Economic activity is necessary because it gives expression to human freedom, creativity, although the biblical narrative insists that there must be limits to how far economics can interfere with nature and equity in the participation of wealth creation and wealth distribution. God seeks the free worship of human beings, and two of the most powerful defence of human freedom, creativity and integrity are “private” property and economic independence. Moral dimensions of economics or the “market” as understood by the Biblical narrative as the medium of trade and exchange of goods
If anything has a moral dimension, economics does. Prophet Isaiah (1:17-23) makes the point that without political and economic virtue, religious piety or holiness is vain.

The Biblical narrative views wealth as a blessing is to be enjoyed as such. The reason is that this world is God’s creation, therefore it is good, and prosperity is a sign of God’s blessing
One of the recurring themes in Deuteronomy is: “You shall rejoice in all the good things the Lord your God has given you and your household.” (26:11). Economic growth has religious significance, first and foremost because of the degree (perhaps more than other economic system in the past) to which it allows us to alleviate poverty. Yet the Biblical narrative is aware that economic gain and interest is not from benevolence but from self-interest. “I saw that all labour and all achievement spring from man’s envy of his neighbour” (Eccl 4:4). “Were it not for evil inclinations, no one would build a house… or engage in business” (Genesis, Rabbah 9:7)

The great concern of the Biblical narrative was the elimination of poverty by creating a society which the poor have access to help when they needed it, charity for sure, but especially through job creation. Therefore, while wealth is seen as a blessing, it comes with great responsibility. Successful business men and women (Prov 31 is essentially a hymn of praise to the businesswoman) were expected to set an example of public generosity and communal leadership. Conspicuous consumption is frowned upon. The key point is this: since wealth is a blessing, it carries a grave moral obligation to use it for the benefit of the community as a whole.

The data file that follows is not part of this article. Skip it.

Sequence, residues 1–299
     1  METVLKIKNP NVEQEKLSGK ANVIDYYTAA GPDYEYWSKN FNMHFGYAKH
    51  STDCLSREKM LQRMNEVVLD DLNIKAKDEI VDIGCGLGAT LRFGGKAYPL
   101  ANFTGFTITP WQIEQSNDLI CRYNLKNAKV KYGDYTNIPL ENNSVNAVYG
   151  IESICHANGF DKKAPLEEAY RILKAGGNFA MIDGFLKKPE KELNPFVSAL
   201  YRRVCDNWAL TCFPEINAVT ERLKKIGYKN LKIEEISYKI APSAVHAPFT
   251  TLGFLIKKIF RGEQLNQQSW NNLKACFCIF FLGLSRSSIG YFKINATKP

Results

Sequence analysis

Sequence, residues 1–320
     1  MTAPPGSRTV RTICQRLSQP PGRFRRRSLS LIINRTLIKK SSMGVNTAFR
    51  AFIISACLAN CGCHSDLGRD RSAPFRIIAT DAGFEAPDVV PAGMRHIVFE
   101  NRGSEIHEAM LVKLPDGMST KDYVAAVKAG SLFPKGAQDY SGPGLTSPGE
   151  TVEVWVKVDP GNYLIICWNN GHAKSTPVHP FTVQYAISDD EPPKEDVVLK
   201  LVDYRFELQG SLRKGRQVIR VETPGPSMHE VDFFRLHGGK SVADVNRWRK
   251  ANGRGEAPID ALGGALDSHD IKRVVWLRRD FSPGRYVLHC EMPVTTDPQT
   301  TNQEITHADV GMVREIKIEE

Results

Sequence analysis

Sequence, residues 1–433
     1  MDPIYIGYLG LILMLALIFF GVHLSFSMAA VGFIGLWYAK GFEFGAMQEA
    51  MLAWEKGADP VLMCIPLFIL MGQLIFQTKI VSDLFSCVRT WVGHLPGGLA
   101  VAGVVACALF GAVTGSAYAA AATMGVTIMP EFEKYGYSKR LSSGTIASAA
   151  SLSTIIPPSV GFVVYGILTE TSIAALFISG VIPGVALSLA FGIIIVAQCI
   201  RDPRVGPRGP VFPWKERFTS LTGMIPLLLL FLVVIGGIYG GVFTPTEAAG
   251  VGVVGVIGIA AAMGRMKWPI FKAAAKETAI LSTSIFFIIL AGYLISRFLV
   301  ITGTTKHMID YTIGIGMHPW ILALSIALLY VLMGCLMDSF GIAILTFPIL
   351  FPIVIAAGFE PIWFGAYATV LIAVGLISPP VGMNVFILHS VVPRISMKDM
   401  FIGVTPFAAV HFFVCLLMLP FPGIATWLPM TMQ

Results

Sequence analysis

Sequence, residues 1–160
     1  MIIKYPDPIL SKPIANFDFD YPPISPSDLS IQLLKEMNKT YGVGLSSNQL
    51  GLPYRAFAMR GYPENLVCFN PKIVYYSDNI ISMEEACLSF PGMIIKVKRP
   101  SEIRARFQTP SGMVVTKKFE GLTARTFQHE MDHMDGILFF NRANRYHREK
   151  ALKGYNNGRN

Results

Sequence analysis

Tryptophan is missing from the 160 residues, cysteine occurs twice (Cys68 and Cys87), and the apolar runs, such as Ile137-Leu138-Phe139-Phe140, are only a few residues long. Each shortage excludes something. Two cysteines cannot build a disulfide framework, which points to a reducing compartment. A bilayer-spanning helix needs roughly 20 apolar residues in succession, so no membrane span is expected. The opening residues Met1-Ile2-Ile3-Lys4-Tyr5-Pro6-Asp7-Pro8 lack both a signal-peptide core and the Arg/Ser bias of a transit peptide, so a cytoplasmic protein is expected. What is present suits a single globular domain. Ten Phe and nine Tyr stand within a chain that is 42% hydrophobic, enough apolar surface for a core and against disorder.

Jesus was strong in the challenge he issued to the rich of his time. In the Kingdom, he said, the rich must learn to share their wealth with the poor or they will face eternal condemnation (Lk 16:19-31). 
The poor, the hungry, the thirsty, the marginalized and the lonely must be at the centre of our concern otherwise we will be cast out of God's presence on the day of judgment (Mtt 25:41-46). 
Without putting into practice the kingdom values of caring and sharing and concern for others we can expect to hear Jesus’ harsh words:
"How terrible for you who are rich: you have had your easy life! How terrible for you who are full: you will go hungry! How terrible for you who laugh: you will mourn and weep!" (Lk 6:24f)

In other words issues of economic justice are very serious for us and we must give them very serious attention. Bryan Hehir notes that economic globalization has its own logic, but not its own ethic.  The ethical principles on which globalization need to be challenged are:  the dignity of every person, the common good, the option for the poor and solidarity.  He writes:
“No political system or economic system is self-justified: all social systems must be tested by what they do to and for the dignity of the person. … Whatever threatens that dignity becomes the business of the Church” (2001:1700-1702)
Of any economic system, we are challenged to ask these questions:
Does it enhances human dignity, create self-respect and encourages creativity?
Does it allow everyone to participate in the material blessings of this created world?
Does it sustain a climate of equal regard – for employees as well as employers, the poor no less than the rich?
Does it protect the vulnerable and help those in need to escape the trap of poverty, does it ensures that no one lacks the means for a dignified existence and do those who succeed share their blessings with those who have less?
Does the economic system strength the bonds of solidarity? Does it know its own limits – that the market is not the only mechanism of distribution, and that an economic system is a means not an end?

Food for the soul and food for thought as we approach the end of the season of Lent.

“Simplicity, Serenity, Spontaneity”